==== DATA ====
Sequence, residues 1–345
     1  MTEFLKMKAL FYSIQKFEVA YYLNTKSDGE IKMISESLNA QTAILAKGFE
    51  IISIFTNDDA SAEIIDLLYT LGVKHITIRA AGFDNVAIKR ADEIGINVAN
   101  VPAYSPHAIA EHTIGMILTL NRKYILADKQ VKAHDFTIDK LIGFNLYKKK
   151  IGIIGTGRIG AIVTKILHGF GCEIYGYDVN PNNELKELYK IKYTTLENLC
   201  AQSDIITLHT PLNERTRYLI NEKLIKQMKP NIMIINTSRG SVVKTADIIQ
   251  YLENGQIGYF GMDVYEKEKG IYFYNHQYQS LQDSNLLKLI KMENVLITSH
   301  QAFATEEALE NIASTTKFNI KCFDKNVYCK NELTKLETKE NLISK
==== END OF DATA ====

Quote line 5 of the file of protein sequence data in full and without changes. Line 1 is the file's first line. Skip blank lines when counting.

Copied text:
   151  IGIIGTGRIG AIVTKILHGF GCEIYGYDVN PNNELKELYK IKYTTLENLC